After that difficult parting and leaving my hometown and state that hugged me with it's warm rays of sunshine I was on the road with a suitcase, my hedgehog, my husband in the car in front of me, and no idea what was ahead. As I saw the Oklahoma sign my heart sank because in that moment I realized this was really happening; the tears started and wouldn't stop. You'd think a thousand miles of driving would have given me some indication, but the road trip was so much fun I barely realized we were gone for good!
The New Place
I lived out of a hotel for a couple weeks...little did I know that hotel living would be a normalcy for military life. It's pretty nice getting to live out of a hotel, it kind of feels like a vacation...the first couple times. Then you have 2 huge dogs and are living out of a suitcase and just want your own kitchen and backyard back. So you take this hotel living as an opportunity to discover the area around you. After we got into our house and set up an air mattress in our living room (because our home goods were delivered a month late) I got to exploring good old Enid, OK. I found every antique shop, coffee shop, transferred my certification, applied for a teaching job, got a call 15 minutes later (woohoo!), visited their historic downtown area, and started to meet the locals. It was all going to be okay. You're going to be okay ;)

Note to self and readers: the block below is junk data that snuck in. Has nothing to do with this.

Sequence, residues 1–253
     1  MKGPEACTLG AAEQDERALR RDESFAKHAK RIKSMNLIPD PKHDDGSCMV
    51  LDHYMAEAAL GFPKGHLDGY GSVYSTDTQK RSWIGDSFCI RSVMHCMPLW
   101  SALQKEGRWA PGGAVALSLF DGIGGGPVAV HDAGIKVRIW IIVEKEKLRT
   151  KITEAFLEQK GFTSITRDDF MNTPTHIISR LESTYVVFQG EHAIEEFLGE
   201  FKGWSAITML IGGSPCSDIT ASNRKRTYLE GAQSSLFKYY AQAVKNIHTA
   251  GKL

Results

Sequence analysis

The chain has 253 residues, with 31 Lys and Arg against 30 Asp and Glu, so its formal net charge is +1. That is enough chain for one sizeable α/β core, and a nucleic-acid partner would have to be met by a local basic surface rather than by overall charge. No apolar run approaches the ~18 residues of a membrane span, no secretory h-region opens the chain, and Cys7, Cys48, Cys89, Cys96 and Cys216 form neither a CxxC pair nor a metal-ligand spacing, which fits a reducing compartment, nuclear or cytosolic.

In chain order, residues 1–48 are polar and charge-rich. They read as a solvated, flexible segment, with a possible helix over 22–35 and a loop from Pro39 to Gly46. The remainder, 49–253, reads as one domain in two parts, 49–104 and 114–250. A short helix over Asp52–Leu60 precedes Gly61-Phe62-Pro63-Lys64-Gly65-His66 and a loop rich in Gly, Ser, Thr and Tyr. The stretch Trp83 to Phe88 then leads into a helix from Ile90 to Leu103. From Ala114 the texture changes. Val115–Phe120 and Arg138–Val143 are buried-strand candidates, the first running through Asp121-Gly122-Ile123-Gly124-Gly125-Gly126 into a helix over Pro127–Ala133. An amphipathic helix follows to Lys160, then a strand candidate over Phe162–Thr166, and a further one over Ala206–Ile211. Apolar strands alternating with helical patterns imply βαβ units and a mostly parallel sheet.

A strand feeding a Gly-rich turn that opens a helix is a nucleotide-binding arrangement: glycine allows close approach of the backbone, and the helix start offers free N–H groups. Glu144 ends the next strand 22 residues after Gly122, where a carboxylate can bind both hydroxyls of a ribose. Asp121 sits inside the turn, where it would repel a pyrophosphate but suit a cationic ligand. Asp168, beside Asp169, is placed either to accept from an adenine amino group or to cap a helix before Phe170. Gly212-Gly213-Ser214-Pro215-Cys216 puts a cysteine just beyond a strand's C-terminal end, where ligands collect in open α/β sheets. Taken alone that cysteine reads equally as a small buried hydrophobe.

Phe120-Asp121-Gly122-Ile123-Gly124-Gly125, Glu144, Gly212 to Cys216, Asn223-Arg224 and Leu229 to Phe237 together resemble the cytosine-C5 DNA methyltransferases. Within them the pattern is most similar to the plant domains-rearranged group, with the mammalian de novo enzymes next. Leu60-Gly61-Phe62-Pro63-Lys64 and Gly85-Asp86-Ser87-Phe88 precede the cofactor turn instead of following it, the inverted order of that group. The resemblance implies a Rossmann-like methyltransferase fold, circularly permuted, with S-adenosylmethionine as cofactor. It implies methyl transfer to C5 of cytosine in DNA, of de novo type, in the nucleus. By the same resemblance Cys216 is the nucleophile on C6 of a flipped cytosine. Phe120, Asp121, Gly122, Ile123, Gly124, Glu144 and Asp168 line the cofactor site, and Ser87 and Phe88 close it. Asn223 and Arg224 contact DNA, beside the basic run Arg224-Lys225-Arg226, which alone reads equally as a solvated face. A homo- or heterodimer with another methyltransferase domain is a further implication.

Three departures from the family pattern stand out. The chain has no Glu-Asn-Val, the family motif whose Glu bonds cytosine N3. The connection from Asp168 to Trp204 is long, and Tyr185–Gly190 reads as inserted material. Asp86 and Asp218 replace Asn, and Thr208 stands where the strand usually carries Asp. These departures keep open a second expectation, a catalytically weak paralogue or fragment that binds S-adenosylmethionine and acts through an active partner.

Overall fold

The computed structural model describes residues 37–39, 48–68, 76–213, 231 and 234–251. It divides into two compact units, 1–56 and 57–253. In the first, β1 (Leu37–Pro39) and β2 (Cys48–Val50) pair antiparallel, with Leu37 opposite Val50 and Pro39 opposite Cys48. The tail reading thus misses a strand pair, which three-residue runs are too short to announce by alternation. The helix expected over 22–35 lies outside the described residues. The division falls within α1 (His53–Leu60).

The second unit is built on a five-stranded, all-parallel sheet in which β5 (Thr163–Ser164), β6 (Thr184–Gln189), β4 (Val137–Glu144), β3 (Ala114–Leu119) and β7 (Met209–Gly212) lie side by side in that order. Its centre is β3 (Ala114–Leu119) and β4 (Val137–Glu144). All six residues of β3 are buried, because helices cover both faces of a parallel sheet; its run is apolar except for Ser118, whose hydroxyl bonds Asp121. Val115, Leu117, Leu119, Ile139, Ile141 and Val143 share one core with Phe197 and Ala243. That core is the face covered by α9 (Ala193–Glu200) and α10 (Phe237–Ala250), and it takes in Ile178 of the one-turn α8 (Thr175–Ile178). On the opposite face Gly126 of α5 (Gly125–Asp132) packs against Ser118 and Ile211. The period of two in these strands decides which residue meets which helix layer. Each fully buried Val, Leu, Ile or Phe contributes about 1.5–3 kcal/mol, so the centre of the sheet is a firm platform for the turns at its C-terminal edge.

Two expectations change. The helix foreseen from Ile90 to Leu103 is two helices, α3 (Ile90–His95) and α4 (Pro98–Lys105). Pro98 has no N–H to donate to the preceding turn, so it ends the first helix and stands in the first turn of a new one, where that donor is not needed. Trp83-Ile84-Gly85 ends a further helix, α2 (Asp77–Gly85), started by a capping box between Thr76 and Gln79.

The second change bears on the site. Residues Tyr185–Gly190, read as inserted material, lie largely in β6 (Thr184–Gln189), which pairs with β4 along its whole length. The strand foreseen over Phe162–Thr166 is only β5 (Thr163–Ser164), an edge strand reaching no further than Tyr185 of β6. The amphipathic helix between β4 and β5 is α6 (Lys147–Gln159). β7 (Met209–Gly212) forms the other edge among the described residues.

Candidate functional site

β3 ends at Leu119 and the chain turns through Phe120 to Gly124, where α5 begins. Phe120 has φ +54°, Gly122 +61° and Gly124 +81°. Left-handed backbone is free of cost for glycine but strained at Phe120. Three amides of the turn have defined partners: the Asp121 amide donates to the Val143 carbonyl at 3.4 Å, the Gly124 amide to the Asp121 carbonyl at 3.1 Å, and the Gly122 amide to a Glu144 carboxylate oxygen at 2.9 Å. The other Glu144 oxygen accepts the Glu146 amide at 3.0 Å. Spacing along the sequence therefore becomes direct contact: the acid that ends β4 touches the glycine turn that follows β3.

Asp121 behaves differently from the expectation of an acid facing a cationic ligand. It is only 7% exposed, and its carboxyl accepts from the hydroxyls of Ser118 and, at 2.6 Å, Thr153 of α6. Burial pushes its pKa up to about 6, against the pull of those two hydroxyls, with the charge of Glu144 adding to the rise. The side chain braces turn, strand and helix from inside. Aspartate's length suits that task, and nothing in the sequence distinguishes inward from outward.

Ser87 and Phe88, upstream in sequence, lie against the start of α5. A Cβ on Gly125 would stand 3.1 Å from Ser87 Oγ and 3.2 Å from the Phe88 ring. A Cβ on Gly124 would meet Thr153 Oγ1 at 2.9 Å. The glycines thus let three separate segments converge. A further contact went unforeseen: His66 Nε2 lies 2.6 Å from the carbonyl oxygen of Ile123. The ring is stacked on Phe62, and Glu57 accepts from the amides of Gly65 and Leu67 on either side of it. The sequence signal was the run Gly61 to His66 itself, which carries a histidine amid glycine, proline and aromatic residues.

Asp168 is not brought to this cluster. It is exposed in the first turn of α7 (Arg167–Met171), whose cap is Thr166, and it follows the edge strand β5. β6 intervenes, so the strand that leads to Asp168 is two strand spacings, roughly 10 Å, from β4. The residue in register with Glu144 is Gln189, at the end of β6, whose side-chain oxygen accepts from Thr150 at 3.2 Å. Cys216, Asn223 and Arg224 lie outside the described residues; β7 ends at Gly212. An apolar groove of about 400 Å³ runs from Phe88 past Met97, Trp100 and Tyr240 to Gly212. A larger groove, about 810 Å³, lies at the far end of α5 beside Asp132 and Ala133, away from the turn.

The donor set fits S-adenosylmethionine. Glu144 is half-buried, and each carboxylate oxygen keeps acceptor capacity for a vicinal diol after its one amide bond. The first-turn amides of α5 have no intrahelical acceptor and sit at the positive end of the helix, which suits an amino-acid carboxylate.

Now I started thinking, how do I make a doctors appointment with this new insurance, how do I get to know other spouses, do I need to switch my state tags (the answer is no, only if you want to do so ;) ), is there a Facebook group I should join, what am I allowed to say on Facebook ...where...do...I...start?! Okay, let me tell you!
First of all, for spouse groups, if you're in the Air Force, the squadron your husband is assigned to will be the spouse group you'll want to look for. Sometimes they find you, but sometimes you need to reach out and find them. The FB group will most likely be set to private and you'll have to search for it and confirm your affiliation. This is one of the greatest resources because it allows you to connect with spouses who are new like you or have been at that base for a while and can help you with whatever questions you may have. You should have a group of key-spouses that are trained to help you with whatever comes your way. Being a key-spouse was one of the best choices I made. I love to help others because I too was once in their shoes and I want to see them succeed and thrive in this new life. Your key-spouses attend quarterly trainings and are always up to date on the latest resources. Find them, talk to them, and use them! They're there for you!